Dr. Rich Patterson

Learning to Fly

Birds learn to fly on the ground.  It isn’t as if they jump from the nest one day and make it to the nearest branch.  For the most part, they fall to the ground, where they struggle to get themselves airborne once again.  This analogy applies to our kids as well.  They learn what they need to learn, by being on the ground so to speak.  By getting dirty, by encountering difficult circumstances and making a decision, by doing things that don’t work.  This is how they get better and better as they work through their life to graduation.

As parents, when we don’t allow our kids to find some things out for themselves, unless they are a danger to the child, we deny them a chance to learn how to fly on their own.  I have worked with parents who answer all questions for their kids, not allowing the child to say what they wish in any way.  This can apply to failing a class.  If a student is struggling in a class, phone calls have been made to the teacher and school administrator, conferences have been held with the school counselor and school administrator.  Ideas for success have been shared with the child, but nothing.  There is no movement toward making a change.  Failure is also an option.  If they fail the class and have to take it again, they are learning how to fly on the ground.  Sometimes, and at a last resort, this is an option.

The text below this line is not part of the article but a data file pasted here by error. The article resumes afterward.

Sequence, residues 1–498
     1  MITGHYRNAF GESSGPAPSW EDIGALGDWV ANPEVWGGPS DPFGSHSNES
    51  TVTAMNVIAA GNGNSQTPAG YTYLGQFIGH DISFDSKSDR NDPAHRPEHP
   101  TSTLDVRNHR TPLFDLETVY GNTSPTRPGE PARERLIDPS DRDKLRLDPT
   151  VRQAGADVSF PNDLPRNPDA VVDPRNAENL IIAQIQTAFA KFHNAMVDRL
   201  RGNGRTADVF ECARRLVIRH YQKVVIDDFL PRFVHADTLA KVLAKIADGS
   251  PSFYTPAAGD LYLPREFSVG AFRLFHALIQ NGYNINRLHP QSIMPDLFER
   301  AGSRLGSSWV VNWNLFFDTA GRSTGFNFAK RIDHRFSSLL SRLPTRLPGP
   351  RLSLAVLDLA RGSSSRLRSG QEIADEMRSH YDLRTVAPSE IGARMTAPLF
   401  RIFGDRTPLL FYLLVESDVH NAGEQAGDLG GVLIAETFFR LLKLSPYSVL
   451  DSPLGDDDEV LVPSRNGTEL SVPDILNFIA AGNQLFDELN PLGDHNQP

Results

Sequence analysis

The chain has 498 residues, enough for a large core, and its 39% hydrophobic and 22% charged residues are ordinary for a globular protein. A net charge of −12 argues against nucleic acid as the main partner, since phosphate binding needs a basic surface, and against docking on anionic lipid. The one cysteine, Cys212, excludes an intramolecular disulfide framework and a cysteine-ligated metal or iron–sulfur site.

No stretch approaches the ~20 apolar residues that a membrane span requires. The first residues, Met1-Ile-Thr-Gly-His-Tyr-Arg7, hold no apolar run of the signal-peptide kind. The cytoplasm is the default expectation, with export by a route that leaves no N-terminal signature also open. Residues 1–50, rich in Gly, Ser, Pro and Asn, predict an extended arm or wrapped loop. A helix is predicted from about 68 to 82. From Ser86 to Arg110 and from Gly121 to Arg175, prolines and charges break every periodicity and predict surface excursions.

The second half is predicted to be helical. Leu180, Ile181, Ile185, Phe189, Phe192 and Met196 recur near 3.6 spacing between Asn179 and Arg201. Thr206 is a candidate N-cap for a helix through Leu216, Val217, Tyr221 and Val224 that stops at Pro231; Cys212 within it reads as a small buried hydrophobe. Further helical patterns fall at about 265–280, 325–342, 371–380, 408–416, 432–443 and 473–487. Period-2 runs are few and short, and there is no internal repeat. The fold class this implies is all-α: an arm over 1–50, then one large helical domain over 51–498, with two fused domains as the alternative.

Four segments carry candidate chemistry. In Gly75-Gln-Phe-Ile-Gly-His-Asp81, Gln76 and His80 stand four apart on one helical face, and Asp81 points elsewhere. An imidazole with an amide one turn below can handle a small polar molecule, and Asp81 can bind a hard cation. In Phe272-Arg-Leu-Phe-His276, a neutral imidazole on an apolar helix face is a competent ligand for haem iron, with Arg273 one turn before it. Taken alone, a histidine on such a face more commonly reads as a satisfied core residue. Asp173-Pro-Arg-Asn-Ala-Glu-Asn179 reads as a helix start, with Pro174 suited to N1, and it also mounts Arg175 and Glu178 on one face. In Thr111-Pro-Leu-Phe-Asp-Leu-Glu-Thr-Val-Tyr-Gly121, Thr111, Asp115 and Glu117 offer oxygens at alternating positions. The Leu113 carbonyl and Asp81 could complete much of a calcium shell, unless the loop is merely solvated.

When our kids sort through their decisions and we offer guidance, that is all fine and good.  But in the end, allow them to make the decision without your input as a parent.  Let them try some of their ideas and then talk with them about it afterwards.  Questions like, “What would you do differently?  What questions should you have asked?  What assumptions did you make?  How can you learn from this and apply it in the future?”  If birds learn to fly on the ground, then focus on the good energy around that, help them to apply their best thinking.  One day when you’re not there to help them make an important decision, you’ll be glad you gave them room when they were younger to make good decisions, and they will.

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